Authors’ ideas come from the strangest places. Here, I’ll share one rhetorical question and one brief bit of poetry, both published in USA Victorian-era newspapers (within 6 years of my title’s setting), that contributed to the writing of Isabella’s Calico Groom.
I found a book for writers, instructing how to plot a romance so all the essential elements are present, and the book was SO valuable, helped so much, I can’t keep this excellent find to myself. Come see my 5-star review for Gwen Hayes’s Romancing the Beat: Story Structure for Romance Novels.
Weather can be a character in a book, just like a person or an animal. In the case of The Marshal’s Surrender, Winter is a setting and a villainous character, hiding clues, endangering lives, impacting nearly every scene as a sense of place and timing. Have you ever thought of weather in the role of character?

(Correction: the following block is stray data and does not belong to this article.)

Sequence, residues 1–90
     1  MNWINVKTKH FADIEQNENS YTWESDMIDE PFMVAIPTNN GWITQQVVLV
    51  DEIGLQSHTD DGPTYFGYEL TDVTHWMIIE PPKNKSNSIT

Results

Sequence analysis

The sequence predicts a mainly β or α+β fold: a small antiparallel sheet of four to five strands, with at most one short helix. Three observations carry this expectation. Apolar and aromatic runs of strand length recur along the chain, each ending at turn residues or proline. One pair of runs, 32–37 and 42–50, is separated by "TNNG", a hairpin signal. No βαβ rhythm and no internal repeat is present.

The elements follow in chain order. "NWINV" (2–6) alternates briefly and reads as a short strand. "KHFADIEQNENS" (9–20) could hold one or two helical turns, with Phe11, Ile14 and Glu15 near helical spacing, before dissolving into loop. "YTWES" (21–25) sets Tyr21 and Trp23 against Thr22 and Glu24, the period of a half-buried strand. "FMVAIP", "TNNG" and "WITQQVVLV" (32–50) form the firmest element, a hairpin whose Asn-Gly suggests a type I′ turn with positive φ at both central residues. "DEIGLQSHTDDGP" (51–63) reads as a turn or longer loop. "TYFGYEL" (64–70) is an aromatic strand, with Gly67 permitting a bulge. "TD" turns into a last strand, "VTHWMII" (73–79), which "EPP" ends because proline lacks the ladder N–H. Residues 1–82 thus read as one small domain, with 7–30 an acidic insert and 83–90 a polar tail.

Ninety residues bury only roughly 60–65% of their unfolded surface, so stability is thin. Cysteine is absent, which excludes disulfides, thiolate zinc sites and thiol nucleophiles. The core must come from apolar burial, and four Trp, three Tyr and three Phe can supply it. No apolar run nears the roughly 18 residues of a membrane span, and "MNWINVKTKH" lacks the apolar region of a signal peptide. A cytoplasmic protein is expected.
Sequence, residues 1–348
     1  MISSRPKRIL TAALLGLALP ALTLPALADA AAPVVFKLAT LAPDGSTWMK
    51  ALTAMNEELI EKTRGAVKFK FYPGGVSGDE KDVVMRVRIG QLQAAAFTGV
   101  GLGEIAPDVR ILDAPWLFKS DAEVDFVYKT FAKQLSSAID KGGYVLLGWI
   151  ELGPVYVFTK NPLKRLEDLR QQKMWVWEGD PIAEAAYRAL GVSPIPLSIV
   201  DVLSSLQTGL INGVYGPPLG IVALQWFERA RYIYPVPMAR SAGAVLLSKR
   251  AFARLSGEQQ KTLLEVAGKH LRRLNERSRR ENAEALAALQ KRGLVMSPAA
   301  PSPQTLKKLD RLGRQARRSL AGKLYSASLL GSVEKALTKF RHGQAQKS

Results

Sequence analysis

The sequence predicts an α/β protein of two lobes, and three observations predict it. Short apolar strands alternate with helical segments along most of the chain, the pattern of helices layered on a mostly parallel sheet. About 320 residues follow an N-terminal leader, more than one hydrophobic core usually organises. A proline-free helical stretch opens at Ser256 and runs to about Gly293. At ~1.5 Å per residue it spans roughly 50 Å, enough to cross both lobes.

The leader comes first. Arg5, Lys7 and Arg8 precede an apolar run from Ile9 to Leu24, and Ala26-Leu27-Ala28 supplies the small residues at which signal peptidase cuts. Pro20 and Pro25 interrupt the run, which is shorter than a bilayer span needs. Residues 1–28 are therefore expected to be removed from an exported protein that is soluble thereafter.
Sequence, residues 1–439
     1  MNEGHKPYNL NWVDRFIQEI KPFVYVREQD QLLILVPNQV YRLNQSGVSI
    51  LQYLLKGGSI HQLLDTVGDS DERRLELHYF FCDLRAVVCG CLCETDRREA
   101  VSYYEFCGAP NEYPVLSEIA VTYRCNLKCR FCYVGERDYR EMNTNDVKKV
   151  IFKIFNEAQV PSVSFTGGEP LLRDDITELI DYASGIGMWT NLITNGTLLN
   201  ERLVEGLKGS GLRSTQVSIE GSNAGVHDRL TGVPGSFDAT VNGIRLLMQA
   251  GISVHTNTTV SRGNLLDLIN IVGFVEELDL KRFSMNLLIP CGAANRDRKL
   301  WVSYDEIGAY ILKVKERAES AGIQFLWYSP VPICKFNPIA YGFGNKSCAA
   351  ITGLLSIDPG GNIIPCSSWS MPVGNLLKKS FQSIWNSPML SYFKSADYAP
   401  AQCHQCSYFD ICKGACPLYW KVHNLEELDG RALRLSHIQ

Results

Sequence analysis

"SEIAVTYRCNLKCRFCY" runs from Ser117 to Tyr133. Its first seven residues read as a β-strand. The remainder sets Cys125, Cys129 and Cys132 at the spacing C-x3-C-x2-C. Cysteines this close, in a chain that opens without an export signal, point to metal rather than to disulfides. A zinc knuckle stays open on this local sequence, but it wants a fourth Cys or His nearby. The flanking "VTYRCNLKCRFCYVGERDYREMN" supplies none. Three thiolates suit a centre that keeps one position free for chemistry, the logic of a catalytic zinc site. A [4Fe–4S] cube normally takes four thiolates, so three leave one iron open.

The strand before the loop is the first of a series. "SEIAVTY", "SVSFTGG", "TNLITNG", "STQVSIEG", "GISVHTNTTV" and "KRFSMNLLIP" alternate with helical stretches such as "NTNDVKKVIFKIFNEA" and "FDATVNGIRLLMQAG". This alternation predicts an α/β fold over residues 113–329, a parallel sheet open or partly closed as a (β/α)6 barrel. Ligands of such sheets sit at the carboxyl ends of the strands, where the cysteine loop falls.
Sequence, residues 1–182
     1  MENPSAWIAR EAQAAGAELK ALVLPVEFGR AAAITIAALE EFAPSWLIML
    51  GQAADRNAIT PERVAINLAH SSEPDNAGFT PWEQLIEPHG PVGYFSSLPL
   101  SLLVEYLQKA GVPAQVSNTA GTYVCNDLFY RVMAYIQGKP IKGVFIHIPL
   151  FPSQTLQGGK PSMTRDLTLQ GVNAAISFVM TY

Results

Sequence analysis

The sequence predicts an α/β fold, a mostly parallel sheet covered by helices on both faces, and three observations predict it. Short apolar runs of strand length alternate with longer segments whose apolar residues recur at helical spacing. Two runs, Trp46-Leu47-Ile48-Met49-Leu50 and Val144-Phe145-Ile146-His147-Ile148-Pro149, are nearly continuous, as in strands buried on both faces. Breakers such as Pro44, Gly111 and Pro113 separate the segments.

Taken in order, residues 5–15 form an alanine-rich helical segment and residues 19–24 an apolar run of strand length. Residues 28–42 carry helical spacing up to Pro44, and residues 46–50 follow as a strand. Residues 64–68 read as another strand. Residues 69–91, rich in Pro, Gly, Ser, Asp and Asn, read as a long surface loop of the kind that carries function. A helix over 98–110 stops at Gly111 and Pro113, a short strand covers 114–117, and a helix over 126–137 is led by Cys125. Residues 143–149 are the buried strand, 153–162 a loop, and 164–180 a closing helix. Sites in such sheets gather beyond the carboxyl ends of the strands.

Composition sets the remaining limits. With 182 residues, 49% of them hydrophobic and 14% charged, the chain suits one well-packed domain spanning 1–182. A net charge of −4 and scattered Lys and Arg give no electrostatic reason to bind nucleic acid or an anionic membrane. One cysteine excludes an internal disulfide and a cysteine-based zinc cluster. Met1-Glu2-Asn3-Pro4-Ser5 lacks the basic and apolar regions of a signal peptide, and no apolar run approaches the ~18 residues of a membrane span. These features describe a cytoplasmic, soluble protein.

Yesterday’s post, My Writing Process, Part 1 included: Branding, Software (Scrivener), Ideas are Everywhere, and 7-Point Story Structure. Please consider visiting that post, as today’s picks up where yesterday’s left off. This article includes: Rough Draft, Second Draft, Beta Readers, Apply Suggestions, Format & Publish, Independent Publishing.
Somewhere along the way, authors determine what type of books they’ll write. What is their consistent category? What brings one person to write (and love) spicy romance while another writes (and loves) sweet romance?
I share my reasons for selecting Sweet Western Historical Romance (now more aptly categorized as Sweet American Historical Romance).